Red light therapy, also known as low-level light therapy (LLLT), harnesses specific wavelengths of light to support the body’s natural processes. Unlike ultraviolet (UV) light, which can harm skin cells, red and near-infrared (NIR) light is non-ionizing and penetrates the skin without causing damage. 

In today’s world, most of us are spending more and more time indoors — which can cause us to lack exposure to certain wavelengths found in natural light. Red light therapy can help make up for this, thus supporting overall wellness.

Here’s how it works:

Cellular Energy Support

Red light therapy targets the mitochondria, the powerhouses of cells. The light photons are absorbed by mitochondrial chromophores, increasing the production of adenosine triphosphate (ATP), the cell's energy currency. Enhanced ATP production supports cellular function, aiding in skin repair and regeneration.

Potential Support for Collagen Production

Collagen is vital for maintaining skin structure and elasticity. Red light therapy may help support healthy collagen production, supporting skin texture, reducing the appearance of fine lines, and supporting overall skin health.

Calming Effects

Red light therapy has a soothing effect on the skin, working to soothe irritation and support overall comfort.

Circulation Support

Red light therapy supports overall circulation, maintaining the proper delivery of oxygen and nutrients to the skin. Better circulation promotes healing and overall skin health.

What Are Some General Tips for Using Red Light Therapy?

If you're considering red light therapy to support your overall skin health, here are some tips to help you maximize its benefits effectively and safely:

Consult with a Dermatologist

Before starting any new therapy, it's crucial to consult with a healthcare provider, especially a dermatologist who specializes in skin conditions. They can provide personalized advice and ensure that red light therapy is suitable for your specific case.

Choose High-Quality Devices

Using high-quality devices is essential to ensure you get the appropriate wavelengths and intensity for effective results. 

At Mito Red Light, our products are designed with advanced technology to provide optimal red and NIR light therapy. Our MitoPRO X Series offers a user-centric design, touchscreen interface, and multiple wavelengths for comprehensive red light therapy sessions.

Start With Short Sessions

Begin with shorter therapy sessions and gradually increase the duration as your skin adapts. This approach helps minimize any potential side effects and allows your skin to get used to the new therapy.

Maintain Consistency

Consistency is key to seeing results with red light therapy. Aim for regular sessions, as prescribed by your dermatologist, to support the health and function of your skin cells effectively.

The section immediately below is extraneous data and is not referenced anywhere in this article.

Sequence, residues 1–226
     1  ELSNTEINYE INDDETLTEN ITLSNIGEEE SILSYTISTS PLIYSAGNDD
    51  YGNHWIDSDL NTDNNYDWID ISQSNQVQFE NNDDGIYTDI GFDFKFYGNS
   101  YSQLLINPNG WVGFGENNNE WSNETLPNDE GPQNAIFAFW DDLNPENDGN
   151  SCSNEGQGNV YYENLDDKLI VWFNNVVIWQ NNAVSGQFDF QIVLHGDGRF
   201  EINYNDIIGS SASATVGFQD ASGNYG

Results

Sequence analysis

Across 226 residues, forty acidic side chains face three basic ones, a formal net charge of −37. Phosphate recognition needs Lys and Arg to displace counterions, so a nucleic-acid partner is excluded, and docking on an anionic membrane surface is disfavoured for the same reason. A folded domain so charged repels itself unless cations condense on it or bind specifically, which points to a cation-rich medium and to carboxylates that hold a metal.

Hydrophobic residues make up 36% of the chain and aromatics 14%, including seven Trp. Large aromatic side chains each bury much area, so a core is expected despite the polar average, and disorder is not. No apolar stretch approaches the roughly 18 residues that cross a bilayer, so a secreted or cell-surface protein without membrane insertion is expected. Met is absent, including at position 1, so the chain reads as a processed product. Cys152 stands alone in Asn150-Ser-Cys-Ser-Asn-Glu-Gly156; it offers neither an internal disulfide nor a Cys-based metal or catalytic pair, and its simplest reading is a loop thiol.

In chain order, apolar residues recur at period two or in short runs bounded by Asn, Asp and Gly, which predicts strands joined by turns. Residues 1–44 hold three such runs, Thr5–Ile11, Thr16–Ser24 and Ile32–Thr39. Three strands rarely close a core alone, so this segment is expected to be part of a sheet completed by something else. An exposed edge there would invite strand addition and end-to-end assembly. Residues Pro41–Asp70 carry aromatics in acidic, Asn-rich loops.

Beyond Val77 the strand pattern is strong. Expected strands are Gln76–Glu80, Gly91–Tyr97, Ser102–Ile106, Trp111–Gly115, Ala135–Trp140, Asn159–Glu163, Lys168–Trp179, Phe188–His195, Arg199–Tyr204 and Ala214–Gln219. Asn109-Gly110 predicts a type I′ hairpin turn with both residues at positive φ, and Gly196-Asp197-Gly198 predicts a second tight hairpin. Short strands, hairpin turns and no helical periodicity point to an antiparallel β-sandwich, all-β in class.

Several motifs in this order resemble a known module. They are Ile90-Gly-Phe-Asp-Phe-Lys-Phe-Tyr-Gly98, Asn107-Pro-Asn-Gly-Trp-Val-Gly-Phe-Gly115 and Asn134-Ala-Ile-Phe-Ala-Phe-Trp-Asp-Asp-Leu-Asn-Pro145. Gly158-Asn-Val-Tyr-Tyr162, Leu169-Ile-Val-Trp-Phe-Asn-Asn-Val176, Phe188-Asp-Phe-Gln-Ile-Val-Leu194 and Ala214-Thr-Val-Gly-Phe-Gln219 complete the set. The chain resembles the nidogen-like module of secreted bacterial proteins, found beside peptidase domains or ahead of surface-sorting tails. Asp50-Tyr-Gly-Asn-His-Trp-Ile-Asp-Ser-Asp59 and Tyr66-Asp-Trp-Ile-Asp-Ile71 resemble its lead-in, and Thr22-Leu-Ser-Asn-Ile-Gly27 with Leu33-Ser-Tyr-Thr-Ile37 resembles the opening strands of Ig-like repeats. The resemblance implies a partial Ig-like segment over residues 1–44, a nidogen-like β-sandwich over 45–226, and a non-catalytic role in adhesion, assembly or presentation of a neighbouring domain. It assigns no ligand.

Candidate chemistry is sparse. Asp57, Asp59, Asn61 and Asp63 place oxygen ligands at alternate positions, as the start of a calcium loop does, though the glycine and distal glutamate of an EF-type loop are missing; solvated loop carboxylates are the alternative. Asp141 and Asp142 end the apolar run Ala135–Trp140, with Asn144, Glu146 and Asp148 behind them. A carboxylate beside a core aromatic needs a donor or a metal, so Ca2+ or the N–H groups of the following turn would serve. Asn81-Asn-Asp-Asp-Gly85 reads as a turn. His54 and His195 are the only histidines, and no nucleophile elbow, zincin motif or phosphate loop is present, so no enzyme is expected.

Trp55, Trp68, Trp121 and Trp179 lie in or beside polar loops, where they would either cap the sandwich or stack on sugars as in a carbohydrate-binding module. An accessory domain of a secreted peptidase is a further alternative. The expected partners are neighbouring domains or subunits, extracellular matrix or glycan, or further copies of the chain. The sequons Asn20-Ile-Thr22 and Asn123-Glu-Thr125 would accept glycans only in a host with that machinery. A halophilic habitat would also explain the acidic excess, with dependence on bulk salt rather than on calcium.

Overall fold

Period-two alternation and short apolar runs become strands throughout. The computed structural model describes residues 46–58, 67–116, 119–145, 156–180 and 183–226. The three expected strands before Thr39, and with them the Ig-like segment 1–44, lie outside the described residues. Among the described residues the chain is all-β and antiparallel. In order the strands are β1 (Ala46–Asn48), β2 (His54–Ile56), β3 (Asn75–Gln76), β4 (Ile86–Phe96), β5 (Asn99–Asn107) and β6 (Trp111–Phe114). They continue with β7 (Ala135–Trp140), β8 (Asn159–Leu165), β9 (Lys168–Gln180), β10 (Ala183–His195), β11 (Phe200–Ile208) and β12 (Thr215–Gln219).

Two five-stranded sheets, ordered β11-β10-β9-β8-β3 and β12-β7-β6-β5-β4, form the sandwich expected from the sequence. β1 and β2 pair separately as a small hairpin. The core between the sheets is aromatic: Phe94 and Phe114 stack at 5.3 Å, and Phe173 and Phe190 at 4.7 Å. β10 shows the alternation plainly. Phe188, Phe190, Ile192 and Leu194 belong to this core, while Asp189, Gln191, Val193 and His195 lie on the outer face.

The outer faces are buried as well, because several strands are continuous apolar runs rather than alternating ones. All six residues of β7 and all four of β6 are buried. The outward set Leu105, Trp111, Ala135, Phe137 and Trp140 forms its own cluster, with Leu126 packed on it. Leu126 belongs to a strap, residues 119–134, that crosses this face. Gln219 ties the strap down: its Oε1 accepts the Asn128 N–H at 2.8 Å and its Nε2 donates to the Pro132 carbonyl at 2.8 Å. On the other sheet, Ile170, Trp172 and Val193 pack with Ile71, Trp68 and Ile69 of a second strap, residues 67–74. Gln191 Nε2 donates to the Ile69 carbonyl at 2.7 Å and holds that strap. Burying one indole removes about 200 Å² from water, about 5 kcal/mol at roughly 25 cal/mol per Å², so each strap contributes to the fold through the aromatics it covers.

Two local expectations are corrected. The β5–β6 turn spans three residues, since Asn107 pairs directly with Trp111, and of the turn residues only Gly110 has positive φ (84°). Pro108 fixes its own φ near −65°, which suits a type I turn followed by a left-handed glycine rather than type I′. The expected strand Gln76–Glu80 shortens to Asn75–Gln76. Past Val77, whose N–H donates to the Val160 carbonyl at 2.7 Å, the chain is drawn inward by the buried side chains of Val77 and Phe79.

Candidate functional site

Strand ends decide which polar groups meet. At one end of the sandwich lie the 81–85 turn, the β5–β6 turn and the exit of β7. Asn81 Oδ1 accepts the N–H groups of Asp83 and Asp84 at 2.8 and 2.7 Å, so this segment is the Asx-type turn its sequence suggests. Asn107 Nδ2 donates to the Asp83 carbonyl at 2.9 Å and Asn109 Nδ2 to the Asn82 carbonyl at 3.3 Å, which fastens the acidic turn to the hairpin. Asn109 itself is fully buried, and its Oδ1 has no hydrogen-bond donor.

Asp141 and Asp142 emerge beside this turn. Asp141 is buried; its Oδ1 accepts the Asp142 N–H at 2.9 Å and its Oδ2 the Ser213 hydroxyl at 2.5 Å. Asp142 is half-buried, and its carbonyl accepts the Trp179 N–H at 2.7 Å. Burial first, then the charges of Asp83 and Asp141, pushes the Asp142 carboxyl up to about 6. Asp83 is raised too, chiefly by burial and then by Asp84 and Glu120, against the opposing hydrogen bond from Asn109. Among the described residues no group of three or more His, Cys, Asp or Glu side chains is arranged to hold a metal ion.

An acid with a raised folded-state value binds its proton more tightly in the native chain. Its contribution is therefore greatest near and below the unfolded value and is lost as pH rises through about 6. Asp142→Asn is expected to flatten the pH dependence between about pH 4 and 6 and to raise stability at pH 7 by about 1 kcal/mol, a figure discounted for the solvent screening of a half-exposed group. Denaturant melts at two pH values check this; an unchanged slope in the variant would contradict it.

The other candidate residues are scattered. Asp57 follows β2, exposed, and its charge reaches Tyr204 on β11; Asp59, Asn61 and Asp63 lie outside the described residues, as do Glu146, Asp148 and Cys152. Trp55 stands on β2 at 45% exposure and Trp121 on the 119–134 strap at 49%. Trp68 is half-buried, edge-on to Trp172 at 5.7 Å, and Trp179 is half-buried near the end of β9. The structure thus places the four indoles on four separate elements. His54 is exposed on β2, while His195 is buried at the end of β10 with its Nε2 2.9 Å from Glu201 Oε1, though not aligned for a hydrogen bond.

Focus on Full-Body Techniques

For comprehensive benefits, consider full-body red light therapy sessions. Our MitoPOD™ offers an unparalleled solution for full-body red light therapy at home or on the go. With its exclusive triple-chip diode design, it ensures a comprehensive red light session.

Be Patient

Red light therapy is not an overnight solution. It may take several weeks to see noticeable improvements in your skin. Patience and consistency will yield the best results over time.

Avoid Sunburns and Tanning

While red light therapy is beneficial, exposure to UV light from tanning beds or excessive sun can exacerbate psoriasis symptoms. Red light therapy provides a safe alternative without the risks associated with UV exposure.

The Bottom Line

So, does red light therapy help with skin health? The evidence so far suggests it holds promise as a supportive approach. While more research is needed to fully understand its efficacy, red light therapy offers a non-invasive, soothing option that can be integrated into a comprehensive skincare routine. 

At Mito Red Light, we are committed to providing advanced, high-quality devices to help you explore the potential benefits of red and NIR light therapy. Ready to enhance your wellness? Discover our range of innovative red light therapy products and see how Mito Red Light can be part of your journey.

DISCLAIMER: Mito Red Light devices are not clinically proven to diagnose, treat, cure or prevent any medical conditions.  Mito Red Light devices are low / risk general wellness devices aimed at affecting the body through supporting cellular function. The scientific studies referenced in this article are for educational and informational purposes only and are meant to educate the reader on the exciting and growing field of phototherapy.  To see a list of precautionary warnings and contraindications click here.


Psoriasis | Mayo Clinic

What Are the Related Medical Conditions of Psoriasis? | National Psoriasis Foundation

Red Light Therapy: Benefits, Side Effects & Uses | Cleveland Clinic

Psoriasis clinical guideline | American Academy of Dermatology Association

FDA approves new psoriasis drug |